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Letters

  • Letters to the editor 7-3-14

     

    The Y helps people with financial aid

    Reviewing applications for financial aid is truly a humbling experience.

    I communicate with each by email or telephone, and all of them share their overwhelming relief, appreciation, joy, and gratitude because the Y’s assistance has helped them, their family or children. At our Y, this is more than 200 people helped; 72 kids in camp and afterschool care, and 140 people of all ages in healthy programs.

    Donors do important work. They help children access safe, supervised childcare so parents can work. I receive at least one scholarship application a day now as we are enrolling for Camp and After School.

  • Letters to the editor 06-22-14

     

    Gratitude and a plea

    This is a heartfelt thanks to members and leaders of Junior Girl Scout Troop No. 10027 for your outstanding beautification project between the Aquatic Center and the canyon trails! It is a wonderful improvement to the area and your efforts are greatly appreciated.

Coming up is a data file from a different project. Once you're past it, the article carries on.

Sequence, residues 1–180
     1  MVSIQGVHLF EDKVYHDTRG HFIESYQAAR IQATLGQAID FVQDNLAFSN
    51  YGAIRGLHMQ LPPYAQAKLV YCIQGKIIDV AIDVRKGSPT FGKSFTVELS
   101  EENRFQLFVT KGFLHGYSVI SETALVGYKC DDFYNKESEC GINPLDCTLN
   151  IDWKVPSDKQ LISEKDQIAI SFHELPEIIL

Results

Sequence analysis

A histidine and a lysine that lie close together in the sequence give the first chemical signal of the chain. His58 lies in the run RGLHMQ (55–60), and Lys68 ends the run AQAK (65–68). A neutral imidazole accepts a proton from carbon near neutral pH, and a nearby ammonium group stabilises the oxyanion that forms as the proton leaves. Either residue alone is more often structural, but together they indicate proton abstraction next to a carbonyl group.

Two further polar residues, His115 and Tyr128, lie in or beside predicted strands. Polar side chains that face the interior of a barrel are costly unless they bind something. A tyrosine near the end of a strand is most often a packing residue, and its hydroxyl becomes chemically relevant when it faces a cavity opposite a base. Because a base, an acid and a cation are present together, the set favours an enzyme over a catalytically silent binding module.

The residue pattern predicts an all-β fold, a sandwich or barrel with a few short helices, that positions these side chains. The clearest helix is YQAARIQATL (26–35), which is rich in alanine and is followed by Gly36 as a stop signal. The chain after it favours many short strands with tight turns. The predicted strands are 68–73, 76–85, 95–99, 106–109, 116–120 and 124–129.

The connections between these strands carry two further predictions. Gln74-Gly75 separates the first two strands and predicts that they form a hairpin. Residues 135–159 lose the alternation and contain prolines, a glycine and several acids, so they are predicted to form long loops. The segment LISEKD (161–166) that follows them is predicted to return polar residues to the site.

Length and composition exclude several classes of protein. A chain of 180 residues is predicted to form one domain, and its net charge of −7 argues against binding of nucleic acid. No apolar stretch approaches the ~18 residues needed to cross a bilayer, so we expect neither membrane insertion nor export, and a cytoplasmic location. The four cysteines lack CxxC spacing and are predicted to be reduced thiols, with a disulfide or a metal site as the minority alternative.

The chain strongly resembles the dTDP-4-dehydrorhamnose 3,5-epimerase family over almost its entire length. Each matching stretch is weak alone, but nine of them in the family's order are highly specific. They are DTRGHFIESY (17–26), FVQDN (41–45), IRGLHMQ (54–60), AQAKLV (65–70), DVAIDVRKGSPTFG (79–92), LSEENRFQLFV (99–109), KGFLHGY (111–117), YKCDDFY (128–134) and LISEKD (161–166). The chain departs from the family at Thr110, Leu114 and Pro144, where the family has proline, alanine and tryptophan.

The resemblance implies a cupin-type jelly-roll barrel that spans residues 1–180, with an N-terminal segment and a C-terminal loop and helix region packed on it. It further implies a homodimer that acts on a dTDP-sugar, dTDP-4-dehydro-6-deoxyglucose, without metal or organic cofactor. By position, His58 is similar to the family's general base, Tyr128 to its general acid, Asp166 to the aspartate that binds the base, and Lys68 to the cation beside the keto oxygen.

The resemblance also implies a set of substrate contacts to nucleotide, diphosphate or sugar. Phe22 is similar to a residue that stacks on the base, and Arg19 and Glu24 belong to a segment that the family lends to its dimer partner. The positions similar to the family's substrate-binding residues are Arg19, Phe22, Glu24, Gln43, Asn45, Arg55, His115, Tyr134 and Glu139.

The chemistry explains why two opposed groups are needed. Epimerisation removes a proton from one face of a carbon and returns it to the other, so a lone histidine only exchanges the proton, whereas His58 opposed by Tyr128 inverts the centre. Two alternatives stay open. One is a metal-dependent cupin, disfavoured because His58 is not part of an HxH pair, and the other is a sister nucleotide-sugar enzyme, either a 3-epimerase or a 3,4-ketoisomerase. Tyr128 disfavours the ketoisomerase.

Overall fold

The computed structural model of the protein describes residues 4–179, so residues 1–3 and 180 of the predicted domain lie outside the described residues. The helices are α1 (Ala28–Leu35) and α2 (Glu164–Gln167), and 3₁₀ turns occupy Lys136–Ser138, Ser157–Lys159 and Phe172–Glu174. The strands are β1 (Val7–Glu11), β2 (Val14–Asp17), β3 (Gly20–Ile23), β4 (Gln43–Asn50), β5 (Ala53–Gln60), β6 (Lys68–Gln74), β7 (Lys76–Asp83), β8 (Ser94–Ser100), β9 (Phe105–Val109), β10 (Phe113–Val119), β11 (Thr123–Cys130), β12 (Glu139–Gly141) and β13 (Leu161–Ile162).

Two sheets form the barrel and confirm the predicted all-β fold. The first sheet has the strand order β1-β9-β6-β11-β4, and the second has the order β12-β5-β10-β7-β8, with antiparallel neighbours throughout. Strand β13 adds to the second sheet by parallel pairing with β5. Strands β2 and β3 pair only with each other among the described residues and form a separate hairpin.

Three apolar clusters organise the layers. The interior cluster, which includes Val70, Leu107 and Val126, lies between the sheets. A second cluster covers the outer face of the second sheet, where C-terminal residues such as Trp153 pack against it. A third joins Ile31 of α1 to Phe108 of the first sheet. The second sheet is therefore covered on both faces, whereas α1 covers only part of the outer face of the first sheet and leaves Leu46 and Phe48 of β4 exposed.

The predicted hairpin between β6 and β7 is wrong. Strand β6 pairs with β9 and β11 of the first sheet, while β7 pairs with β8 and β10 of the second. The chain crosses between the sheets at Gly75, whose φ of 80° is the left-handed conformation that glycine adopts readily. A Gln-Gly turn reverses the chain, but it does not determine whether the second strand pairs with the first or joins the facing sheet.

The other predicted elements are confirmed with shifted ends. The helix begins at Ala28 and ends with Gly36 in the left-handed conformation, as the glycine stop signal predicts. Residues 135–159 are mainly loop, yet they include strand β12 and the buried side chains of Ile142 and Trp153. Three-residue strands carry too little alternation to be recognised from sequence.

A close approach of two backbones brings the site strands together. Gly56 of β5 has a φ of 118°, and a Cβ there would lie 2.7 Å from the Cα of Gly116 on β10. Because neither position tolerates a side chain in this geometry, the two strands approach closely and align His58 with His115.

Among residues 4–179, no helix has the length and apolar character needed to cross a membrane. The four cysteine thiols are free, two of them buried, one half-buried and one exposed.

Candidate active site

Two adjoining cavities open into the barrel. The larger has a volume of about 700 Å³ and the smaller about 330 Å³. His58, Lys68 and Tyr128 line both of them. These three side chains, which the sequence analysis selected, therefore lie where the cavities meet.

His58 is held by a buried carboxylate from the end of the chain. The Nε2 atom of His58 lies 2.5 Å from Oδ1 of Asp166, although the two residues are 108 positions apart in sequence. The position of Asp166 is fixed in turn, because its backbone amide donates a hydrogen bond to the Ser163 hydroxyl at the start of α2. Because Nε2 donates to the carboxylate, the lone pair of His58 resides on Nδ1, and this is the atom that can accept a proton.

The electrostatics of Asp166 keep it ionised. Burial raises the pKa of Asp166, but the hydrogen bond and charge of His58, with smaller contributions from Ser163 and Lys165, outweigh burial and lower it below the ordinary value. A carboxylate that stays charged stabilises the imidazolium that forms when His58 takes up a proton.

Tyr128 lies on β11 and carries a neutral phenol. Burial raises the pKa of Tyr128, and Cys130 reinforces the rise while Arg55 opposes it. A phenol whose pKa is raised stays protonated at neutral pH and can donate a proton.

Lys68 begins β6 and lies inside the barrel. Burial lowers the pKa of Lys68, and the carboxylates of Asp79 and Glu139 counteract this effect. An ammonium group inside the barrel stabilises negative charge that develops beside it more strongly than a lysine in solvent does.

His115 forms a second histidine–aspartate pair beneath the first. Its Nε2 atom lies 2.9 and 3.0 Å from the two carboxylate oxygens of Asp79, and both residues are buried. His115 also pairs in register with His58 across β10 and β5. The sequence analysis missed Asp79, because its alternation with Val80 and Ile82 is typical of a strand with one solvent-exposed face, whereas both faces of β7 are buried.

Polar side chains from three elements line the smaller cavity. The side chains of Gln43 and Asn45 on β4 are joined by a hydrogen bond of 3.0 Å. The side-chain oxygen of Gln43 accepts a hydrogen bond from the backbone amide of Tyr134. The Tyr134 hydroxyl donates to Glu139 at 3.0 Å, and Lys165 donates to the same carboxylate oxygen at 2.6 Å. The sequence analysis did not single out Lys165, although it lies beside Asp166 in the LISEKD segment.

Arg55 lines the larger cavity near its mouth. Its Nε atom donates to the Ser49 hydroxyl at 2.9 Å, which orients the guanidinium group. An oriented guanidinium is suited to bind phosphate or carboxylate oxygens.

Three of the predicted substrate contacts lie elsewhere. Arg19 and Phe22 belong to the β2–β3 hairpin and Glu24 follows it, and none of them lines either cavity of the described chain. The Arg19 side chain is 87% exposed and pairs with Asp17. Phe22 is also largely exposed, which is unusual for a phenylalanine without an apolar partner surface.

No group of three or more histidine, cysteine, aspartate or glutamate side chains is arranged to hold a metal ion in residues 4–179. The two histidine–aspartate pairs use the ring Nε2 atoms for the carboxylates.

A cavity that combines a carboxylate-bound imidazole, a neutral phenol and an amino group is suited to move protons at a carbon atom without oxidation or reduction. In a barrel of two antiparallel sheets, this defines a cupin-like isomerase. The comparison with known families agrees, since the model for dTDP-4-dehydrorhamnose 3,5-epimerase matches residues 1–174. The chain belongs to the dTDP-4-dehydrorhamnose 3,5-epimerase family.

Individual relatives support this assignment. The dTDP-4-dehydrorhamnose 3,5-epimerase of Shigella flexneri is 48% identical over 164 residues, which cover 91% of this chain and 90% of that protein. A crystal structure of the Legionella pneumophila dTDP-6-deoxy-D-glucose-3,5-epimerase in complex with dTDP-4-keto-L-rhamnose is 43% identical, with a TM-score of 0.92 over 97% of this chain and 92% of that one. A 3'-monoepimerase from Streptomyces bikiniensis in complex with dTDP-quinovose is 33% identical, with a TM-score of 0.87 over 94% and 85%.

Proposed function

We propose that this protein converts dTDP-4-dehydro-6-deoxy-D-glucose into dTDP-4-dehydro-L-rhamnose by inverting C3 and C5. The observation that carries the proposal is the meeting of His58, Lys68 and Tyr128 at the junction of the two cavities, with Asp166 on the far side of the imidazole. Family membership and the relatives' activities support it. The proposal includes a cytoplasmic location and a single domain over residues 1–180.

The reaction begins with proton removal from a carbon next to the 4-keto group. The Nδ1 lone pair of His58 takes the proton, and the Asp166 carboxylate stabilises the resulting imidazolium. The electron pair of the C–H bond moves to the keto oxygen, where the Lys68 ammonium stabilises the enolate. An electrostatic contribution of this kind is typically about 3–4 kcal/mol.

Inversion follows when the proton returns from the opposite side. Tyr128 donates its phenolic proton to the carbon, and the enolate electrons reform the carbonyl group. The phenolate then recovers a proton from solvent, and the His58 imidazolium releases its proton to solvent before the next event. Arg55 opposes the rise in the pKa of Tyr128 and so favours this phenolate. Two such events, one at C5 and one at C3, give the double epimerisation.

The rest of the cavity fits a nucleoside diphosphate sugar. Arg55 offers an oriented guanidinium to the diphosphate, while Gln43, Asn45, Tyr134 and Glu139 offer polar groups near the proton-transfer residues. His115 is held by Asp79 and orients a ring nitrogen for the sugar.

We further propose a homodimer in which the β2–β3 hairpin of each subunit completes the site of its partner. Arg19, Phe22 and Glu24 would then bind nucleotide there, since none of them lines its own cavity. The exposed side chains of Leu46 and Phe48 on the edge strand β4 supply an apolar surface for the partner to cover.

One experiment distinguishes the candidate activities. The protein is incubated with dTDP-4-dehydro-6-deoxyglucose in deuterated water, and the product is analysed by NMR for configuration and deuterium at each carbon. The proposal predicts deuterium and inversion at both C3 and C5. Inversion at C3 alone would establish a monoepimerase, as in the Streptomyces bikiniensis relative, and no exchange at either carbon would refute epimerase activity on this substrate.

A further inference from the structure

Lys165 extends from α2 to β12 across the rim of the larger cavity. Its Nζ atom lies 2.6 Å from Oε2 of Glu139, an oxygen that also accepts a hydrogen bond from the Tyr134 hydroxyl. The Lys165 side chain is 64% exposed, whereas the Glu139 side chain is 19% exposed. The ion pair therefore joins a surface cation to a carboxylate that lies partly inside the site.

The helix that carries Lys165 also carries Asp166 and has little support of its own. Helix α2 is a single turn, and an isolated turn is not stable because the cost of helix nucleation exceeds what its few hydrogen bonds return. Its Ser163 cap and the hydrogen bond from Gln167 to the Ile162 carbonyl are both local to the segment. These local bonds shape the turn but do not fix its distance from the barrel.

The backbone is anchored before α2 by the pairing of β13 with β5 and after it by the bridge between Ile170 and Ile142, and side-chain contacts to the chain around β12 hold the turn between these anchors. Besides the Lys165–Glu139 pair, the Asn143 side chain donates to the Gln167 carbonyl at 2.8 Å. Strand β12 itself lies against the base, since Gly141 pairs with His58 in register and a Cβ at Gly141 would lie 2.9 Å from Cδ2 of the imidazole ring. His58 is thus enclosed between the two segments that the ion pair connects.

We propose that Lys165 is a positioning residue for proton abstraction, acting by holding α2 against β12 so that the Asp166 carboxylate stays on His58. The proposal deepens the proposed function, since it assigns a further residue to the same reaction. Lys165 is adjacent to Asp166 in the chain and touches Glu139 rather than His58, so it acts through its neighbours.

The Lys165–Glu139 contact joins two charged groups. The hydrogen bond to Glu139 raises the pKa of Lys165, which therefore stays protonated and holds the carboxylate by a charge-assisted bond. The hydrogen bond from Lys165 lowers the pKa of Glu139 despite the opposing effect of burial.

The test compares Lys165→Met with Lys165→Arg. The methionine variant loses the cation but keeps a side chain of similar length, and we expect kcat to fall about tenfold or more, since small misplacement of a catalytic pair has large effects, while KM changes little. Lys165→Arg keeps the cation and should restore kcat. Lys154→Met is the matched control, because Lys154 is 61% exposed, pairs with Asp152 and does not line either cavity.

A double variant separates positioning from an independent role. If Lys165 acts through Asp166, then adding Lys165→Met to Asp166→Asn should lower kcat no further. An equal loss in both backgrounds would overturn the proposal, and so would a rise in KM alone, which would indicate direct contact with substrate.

How grand it would be if this special spot, and all other areas of our community, could remain free of litter for all to enjoy! 

    Once a week, on the daily morning dog walk, I collect a full bag of trash behind the Aquatic Center and on the trail that begins below the parking lot. (I know others do this as well.) By the evening walk more trash has already accumulated. The abundance of bottles, cans, plastic items and paper products of every description, which are seen along our streets and trails, does not support the local belief that we are a highly intelligent community. 

  • Letters to the editor 06-08-14

     

    More support for Dr. Lindberg

    Over the past few weeks, I have seen two letters in the Los Alamos Monitor regarding the termination of Dr. Peter Lindberg’s contract with the Los Alamos Medical Center (LAMC). Prostate cancer is the second most common cancer in males after skin cancer. 

    Each year, more than 186,000 males learn they have prostate cancer and more than 3,500 die from its advanced forms. Dr. Lindberg is New Mexico’s leading physician in understanding and treating this cancer. He is recognized throughout the country as one of the leading practicioners. 

    Dr. Lindberg reads extensively to keep up with research, treatment statistics and United States physicians diagnosing and treating prostrate cancer. He also publishes an occasional newsletter describing advances in this medical area.